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Topic: [Q:] Gauge and Grassmanian Schemes
Replies: 2   Last Post: Jun 16, 1996 4:14 PM

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Jim Carr

Posts: 42
Registered: 12/6/04
Re: [Q:] Gauge and Grassmanian Schemes
Posted: Jun 10, 1996 3:01 PM
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egreen@nyc.pipeline.com(Edward Green) writes:
}
} Speaking of gauge theories, I was about to ask the abysmaly dumb question
} "what is gauge invariance?",

Why, invariance under a gauge transformation, of course. When thinking
about what John writes

baez@guitar.ucr.edu (john baez) writes:
>
>A gauge theory is a theory where one of the fields is a "connection",
>that lets you parallel transport something. I've explained these to you
>a couple of times already. In general relativity the connection lets
>you parallel transport tangent vectors ...


it could be helpful to make a mental connection to the meaning of "gauge"
in the context of the tool used to set the width of railroad tracks. A
'standard measure' which is used in a more generalized context in
electromagnetism, from whence it finds its way into other field theories.

You cannot transport something between rail systems that operate on a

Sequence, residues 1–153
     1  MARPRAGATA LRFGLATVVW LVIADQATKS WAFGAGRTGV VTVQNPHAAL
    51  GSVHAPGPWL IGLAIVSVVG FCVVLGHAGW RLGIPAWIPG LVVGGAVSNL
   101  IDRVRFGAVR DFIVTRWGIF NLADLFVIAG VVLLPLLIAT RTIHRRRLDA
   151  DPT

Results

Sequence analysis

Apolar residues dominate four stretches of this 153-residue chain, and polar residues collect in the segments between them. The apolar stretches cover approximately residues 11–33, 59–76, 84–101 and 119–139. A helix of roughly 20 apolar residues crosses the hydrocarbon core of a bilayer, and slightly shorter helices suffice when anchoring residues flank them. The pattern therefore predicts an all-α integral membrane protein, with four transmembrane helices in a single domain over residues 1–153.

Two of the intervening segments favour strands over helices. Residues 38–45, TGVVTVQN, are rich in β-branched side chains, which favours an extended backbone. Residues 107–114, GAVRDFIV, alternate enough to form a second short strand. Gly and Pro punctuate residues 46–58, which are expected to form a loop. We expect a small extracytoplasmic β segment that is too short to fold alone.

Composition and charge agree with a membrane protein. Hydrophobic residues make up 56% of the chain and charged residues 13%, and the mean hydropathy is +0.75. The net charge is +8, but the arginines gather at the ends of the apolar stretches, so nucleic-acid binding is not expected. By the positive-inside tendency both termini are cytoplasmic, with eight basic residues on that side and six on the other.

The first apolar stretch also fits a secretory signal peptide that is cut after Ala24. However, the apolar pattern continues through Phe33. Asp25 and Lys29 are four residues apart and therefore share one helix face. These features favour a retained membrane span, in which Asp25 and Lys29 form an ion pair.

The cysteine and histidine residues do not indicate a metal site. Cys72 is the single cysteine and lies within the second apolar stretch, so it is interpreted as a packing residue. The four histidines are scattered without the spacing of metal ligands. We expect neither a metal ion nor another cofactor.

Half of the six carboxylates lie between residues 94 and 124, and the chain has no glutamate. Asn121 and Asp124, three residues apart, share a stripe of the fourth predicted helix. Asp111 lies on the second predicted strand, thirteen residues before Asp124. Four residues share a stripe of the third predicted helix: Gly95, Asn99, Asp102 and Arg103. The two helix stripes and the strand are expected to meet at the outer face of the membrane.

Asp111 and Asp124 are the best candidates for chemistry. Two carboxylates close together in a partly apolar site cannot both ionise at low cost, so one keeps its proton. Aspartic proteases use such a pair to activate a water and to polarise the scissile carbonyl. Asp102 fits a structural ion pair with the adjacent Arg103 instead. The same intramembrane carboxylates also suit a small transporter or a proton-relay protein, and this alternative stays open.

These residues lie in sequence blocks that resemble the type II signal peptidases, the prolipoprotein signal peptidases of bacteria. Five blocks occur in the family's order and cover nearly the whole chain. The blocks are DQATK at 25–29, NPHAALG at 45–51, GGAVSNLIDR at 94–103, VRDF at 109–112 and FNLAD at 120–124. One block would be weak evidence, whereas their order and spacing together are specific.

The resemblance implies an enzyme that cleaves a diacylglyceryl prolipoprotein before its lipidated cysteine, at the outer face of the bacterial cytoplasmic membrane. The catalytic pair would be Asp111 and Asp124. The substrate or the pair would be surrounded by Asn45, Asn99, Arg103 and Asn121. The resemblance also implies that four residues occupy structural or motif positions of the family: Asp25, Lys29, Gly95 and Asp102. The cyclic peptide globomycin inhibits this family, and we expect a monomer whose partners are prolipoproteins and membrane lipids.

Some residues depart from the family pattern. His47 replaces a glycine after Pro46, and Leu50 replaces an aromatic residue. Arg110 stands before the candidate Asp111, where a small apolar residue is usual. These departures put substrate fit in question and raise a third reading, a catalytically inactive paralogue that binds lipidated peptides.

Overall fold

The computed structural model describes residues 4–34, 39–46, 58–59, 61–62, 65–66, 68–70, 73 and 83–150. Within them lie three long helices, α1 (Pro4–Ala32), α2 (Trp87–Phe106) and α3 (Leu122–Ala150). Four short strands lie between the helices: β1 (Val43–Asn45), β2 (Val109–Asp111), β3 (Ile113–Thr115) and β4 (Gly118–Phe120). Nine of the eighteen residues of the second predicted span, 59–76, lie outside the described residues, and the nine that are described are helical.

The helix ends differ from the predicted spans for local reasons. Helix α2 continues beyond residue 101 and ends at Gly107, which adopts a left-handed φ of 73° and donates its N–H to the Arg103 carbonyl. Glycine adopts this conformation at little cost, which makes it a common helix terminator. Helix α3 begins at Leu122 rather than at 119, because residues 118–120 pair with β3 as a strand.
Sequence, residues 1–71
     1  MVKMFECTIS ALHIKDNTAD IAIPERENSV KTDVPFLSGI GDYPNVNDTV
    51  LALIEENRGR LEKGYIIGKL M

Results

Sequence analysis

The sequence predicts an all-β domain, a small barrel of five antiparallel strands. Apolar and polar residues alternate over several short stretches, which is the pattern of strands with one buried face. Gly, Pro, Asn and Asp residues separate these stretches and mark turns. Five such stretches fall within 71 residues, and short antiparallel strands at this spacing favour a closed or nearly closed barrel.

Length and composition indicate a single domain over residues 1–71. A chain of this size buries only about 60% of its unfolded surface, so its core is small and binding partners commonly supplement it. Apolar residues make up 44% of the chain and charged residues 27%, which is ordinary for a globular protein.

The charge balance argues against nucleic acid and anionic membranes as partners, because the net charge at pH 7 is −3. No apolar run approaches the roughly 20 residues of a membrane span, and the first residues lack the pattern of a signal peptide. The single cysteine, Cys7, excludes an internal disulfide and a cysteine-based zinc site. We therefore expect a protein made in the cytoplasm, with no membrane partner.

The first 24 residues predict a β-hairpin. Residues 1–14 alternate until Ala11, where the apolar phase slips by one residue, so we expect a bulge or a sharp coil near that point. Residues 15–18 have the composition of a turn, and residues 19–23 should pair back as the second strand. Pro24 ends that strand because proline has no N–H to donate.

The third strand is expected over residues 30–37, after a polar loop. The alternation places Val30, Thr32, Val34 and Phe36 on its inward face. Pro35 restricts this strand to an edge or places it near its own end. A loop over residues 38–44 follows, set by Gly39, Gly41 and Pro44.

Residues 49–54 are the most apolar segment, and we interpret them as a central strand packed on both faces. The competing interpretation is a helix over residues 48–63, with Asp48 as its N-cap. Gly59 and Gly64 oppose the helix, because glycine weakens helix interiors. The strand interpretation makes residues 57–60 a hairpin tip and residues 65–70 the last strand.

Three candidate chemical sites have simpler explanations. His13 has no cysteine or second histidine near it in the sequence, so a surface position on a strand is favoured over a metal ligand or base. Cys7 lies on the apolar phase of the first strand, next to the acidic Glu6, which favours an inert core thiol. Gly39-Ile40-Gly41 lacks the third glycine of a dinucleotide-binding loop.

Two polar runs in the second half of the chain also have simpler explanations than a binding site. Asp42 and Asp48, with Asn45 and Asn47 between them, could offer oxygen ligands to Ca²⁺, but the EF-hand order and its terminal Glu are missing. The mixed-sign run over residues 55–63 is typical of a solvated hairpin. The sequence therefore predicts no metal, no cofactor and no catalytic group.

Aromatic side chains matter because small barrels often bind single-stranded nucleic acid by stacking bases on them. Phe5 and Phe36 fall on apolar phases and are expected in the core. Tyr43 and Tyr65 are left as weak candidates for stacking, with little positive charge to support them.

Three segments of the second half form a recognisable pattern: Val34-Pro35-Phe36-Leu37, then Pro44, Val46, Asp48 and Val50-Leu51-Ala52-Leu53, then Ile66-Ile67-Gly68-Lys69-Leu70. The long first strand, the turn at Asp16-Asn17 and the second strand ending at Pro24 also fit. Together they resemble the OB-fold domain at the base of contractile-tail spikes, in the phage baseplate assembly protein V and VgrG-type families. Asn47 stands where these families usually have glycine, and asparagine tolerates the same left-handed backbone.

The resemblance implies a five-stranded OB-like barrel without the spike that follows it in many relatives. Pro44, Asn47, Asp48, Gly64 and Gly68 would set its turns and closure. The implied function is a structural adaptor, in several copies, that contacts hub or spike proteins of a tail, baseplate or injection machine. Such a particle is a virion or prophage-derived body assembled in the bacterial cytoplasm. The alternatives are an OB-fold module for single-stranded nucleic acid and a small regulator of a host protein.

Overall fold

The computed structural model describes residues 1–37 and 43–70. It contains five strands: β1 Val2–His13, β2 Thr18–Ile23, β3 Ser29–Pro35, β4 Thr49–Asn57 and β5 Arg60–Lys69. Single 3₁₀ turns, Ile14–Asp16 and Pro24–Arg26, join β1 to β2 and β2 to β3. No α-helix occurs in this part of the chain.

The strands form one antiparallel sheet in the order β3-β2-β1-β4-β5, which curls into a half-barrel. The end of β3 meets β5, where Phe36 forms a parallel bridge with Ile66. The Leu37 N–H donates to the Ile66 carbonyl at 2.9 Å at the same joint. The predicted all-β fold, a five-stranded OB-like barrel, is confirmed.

different gauge; similarly (even if it is a big conceptual leap with
minimal analogous content) you can only make direct comparisons as long
as you are working in a consistent gauge in a field theory. When terms
like Coulomb Gauge and Lorentz Gauge were invented, the inventors knew
more about railroads than we do today. Or so I claim: you won't find
this in Jackson, but it provides a visualization of what it means for
two formalisms to be physically equivalent even when the mathematics
corresponds to some rotation in an abstract space.

--
James A. Carr <jac@scri.fsu.edu> | "The half of knowledge is knowing
http://www.scri.fsu.edu/~jac/ | where to find knowledge" - Anon.
Supercomputer Computations Res. Inst. | Motto over the entrance to Dodd
Florida State, Tallahassee FL 32306 | Hall, former library at FSCW.







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